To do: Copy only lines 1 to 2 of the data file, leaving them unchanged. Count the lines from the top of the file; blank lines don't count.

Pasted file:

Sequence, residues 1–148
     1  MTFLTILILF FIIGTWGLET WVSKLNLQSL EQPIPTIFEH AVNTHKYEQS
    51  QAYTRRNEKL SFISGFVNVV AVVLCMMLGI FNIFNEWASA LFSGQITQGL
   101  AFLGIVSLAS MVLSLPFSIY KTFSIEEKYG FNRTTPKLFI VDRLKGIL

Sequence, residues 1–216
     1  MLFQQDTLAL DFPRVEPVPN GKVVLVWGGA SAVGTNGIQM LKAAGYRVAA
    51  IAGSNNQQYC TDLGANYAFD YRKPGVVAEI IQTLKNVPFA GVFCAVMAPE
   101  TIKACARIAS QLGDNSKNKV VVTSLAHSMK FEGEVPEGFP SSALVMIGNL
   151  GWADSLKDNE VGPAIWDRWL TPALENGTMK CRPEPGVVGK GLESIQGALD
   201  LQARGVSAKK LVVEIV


Sequence, residues 1–148
     1  MTFLTILILF FIIGTWGLET WVSKLNLQSL EQPIPTIFEH AVNTHKYEQS